My daughter Isabel and I went to Tune-Up. I ate chile rellenos. For many years I felt I had to skip them because I didn’t want to agitate my gallstones. I haven’t had an attack in almost thirty years, and I’ll eat that fried pepper now (knock wood). We worked on our renga–linked Japanese poem. We started this one very traditionally, by translating a haiku by Basho. That way neither of us had to start–the great Basho started for us.

First cherry blossom
This very moment
A good day
-Basho translation 

I’m cooking brisket for tomorrow night’s seder. My mother did not really cook, nor did her mother. So I have no traditional recipe. I use a variation of what poet Joan Logghe taught me. I’m feeling sad about several things–mostly squabbles and situations that don’t directly involve me, but impact me nonetheless. I’m very happy about other things–including that I’m re-reading Trollop and loving it. I also have a beautiful rosemary plant that came through the winter very nicely in my sunniest room.

The 22 Syllables That Can Get You Killed

This is one of the most remarkable things I have ever read about poetry–and its role in women’s lives. Thanks to Julia Deisler for sending it to me. Do read the entire thing, at–
By Eliza Griswold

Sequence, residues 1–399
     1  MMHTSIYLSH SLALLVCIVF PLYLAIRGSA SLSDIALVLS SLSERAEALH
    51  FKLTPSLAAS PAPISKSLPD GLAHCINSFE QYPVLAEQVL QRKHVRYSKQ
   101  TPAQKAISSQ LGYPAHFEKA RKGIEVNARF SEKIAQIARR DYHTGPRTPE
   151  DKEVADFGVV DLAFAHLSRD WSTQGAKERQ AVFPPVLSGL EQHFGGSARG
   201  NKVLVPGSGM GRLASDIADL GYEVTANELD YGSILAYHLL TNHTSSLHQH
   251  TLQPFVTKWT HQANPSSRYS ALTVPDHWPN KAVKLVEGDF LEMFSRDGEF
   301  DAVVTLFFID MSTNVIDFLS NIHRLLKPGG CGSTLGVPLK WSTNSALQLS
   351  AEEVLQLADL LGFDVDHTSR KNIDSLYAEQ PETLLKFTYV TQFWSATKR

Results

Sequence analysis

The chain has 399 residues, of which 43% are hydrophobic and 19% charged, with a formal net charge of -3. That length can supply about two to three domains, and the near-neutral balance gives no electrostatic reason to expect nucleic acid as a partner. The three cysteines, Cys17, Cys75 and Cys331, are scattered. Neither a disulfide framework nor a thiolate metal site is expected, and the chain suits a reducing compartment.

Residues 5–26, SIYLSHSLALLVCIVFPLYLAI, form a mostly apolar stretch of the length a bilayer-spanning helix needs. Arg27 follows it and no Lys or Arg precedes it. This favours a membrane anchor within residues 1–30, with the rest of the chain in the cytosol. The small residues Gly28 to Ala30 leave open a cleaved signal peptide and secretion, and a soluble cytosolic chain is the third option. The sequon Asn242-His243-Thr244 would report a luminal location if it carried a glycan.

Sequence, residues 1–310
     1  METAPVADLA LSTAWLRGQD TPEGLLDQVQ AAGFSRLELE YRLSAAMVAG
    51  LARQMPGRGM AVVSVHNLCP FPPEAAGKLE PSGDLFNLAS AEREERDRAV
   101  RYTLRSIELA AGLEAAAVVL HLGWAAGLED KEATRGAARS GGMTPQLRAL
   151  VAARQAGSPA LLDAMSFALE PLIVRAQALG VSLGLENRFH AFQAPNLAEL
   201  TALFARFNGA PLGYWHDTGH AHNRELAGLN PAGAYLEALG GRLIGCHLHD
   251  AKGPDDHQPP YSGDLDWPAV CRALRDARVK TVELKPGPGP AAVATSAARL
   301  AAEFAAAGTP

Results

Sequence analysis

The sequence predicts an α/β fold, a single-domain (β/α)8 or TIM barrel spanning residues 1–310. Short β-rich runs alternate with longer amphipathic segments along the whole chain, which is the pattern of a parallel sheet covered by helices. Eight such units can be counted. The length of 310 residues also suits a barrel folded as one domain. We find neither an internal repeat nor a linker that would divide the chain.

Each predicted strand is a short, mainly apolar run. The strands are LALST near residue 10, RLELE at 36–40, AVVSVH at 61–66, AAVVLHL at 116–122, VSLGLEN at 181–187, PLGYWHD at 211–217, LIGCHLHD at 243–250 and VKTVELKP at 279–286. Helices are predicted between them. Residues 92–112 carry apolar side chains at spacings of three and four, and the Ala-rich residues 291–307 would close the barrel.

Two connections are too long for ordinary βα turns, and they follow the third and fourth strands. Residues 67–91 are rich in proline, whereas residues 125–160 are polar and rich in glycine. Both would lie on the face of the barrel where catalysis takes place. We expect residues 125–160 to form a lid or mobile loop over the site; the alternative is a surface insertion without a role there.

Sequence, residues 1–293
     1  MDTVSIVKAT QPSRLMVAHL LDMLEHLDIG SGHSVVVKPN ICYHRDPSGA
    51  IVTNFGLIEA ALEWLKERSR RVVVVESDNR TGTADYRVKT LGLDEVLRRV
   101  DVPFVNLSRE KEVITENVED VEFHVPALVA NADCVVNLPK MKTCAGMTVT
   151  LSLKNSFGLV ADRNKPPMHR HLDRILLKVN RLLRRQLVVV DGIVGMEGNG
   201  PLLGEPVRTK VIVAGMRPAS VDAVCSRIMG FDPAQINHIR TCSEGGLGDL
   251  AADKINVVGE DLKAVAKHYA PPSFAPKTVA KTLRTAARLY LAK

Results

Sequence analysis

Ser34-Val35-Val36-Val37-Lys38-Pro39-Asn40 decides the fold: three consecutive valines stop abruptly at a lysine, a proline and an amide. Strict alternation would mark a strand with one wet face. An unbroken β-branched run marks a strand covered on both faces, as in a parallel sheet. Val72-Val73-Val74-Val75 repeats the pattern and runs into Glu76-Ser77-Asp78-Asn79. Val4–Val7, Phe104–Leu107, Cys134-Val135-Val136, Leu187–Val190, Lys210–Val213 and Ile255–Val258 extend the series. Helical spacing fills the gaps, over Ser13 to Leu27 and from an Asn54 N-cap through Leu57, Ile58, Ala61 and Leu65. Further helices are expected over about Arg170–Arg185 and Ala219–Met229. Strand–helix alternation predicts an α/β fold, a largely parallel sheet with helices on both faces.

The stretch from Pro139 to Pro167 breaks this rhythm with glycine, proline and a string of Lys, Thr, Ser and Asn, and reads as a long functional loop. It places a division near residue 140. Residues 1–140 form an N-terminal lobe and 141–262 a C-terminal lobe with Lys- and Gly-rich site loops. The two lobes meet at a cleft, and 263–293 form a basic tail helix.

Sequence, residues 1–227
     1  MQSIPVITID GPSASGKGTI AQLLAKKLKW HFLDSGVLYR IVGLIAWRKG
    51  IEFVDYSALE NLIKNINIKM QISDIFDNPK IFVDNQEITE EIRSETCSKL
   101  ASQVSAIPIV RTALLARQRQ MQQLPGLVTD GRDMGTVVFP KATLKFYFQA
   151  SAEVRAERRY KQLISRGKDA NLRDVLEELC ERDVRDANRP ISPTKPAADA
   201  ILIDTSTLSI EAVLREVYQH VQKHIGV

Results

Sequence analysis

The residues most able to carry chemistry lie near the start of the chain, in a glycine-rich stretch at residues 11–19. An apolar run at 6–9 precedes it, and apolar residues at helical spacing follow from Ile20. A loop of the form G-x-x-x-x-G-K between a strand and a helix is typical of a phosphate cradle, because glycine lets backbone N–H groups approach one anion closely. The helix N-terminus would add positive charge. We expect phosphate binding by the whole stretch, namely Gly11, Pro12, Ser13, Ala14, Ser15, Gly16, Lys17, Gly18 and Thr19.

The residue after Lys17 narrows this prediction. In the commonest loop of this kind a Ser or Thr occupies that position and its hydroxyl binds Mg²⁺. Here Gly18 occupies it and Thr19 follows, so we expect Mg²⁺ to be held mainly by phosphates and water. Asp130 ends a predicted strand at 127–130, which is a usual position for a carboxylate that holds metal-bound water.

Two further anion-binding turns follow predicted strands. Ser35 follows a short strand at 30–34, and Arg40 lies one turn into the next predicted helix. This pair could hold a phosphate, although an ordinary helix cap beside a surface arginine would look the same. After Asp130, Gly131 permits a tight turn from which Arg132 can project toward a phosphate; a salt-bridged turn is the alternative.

16 November 2016

When sisters sit together, they’re always praising their brothers.
When brothers sit together, they’re selling their sisters to others.
– Anonymous

Several years ago, I had the immense privilege of travelling around Afghanistan with the filmmaker and photographer Seamus Murphy for a very unusual project we called investigative poetry.

In refugee camps and remote villages, at weddings and on at least one horse farm, we collected anonymous folk poems called landays. A landay is a couplet: a two-line poem passed mouth to mouth, ear to ear, among Pashtun people for at least 1,000 years.

No-one knows for certain where landays come from

No-one knows for certain where landays come from – the most popular theory is that these biting little poems began as a form of communication within the Indo-Aryan caravans that arrived in the region millennia ago. They were born long before Islam, and their closest cousins are the slokas, the two-line verses that comprise the ancient Hindu holy texts called the Vedas.

This image shows an Afghan woman at a checkpoint in Helmand province: landays have been passed mouth to mouth among Pashtun people for at least 1,000 years.
A landay has very few rules. It must have 22 syllables, with nine in the first line and 13 in the second. It must end in the sound ‘ma’ or ‘na’. It must take on one of five subjects: meena, love; jang, war; watan, homeland; biltoon, separation; and, finally, gham, which means despair or grief. But gham doesn’t mean grief in general, it speaks to the particular form of grief that belongs to a Pashtun woman.